Two-Kingdom’s Theology has come under fire yet again, and as has continued to be the case, it’s opponents are unable to fairly present what it’s proponents teach. Bill Evans recently posted this blog critiquing 2K theology. Dr. Anthony Bradley, (Associate Professor of Theology and Ethics at The King’s College), whom I follow on Twitter, posted this:
— Anthony Bradley (@drantbradley) March 12, 2014
Which engendered a bit of a twitter conversation between the two of us. I responded saying that Evans’ post is a Straw Man of 2K theology. Bradley dismissed my lack of credentials and willingness to respond to his support of Evans’ blog post. I’m not here to defend my credentials or lack thereof, but to show Dr. Bradley that Evans post so overtly misrepresents the 2K position, that even an uneducated person such as I can see the fault with it.
Evans does a fairly good job outlining the main tenants of 2K theology and then goes on to say that
According to 2K advocates, such thinking is firmly rooted in the Christian tradition, and four key sources are often cited.
I will only address the first point. D.G. Hart has addressed several of the other points (and is in a better position to critique the historical aspects than I). Evans’ attempts to show that 2K theologians use Augustine’s City of God as a historical source and articulation (albeit rudimentary) of 2K theology. Sadly, Evans links and cites no sources where any 2K theologian (Van Drunen, Horton, Hart, et al.) use this source in such a way. Though there are certainly overlaps, VanDrunen, in his book Living in God’s Two Kingdoms, asserts there are distinctions between the two, and actually tries to protect against the very conclusion Evans’ is trying to say 2K theologians assert:
To clarify, one matter for readers who may be interested, I do not believe that Augustine’s “two cities” refers to the same thing as the “two kingdoms” that I discuss in this book. Both are biblical concepts and both should be affirmed, but the they do not describe identical realities. In short, Augustine, in The City of God described two cities, one consisting of true believers and destined for eternal blessing, and the other consisting of unbelievers and destined for eternal condemnation. Each person is a citizen of one city, and one city only, though the two cities necessarily intermingle in this present world. The Reformed tradition from which I write, has understood both of the two kingdoms as God’s. God rules all things, but rules the affairs of this world in two fundamentally different ways. Christians are therefore citizens of two “kingdoms” but one “city”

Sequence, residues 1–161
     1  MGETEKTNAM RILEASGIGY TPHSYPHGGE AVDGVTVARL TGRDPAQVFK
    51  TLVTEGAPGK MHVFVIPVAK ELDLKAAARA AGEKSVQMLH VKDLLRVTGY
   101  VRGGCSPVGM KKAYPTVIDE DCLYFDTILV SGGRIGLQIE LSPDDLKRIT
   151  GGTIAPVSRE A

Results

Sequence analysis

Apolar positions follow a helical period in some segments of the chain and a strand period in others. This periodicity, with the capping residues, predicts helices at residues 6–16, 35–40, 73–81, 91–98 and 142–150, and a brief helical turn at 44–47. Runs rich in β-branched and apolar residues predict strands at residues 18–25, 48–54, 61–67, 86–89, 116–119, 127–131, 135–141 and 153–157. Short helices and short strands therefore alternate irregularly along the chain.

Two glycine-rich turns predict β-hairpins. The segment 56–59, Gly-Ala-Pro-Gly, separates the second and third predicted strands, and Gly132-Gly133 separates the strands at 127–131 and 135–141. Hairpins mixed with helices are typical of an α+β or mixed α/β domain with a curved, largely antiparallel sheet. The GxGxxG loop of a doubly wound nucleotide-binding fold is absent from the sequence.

Further, Evans’ writes:
[Augustine] recognized that the inhabitants of the earthly city can accomplish relative goods, and he also believed that the efforts of Christians to better society can achieve real, if limited, results. Moreover, Augustine encouraged a public role for distinctively Christian virtues, even arguing that temporal rulers should suppress idolatry.
First, 2K theology primarily wants to distinguish an individual Christian’s cultural activities from the Church’s cultural activities. Evans’ seems to use the terms interchangeably, which is part of the problem. No 2K theologian or adherent (that I know of ) disagrees that individual Christians (or even Christians working together civilly) can accomplish relative goods in society and culture. The problem comes when we try to call those activities “redemptive” and “Christian” or argue that the Church should be ‘renewing’ or ‘redeeming’ culture. 2K theologians argue that there isn’t anything particularly “Christian” about advocating for better political system or giving people justice. This is part and parcel of being human, created in God’s image.
Secondly, Evans’ seems to assume that 2K proponents don’t believe Christians “can accomplish relative goods” or “that the efforts of Christians to better society can achieve real, if limited, results”. This is a patently false assumption about 2K theology and it’s proponents. No 2K theologian argues this contrary point, and would agree with the first to points.
Evans’ continues on to assert that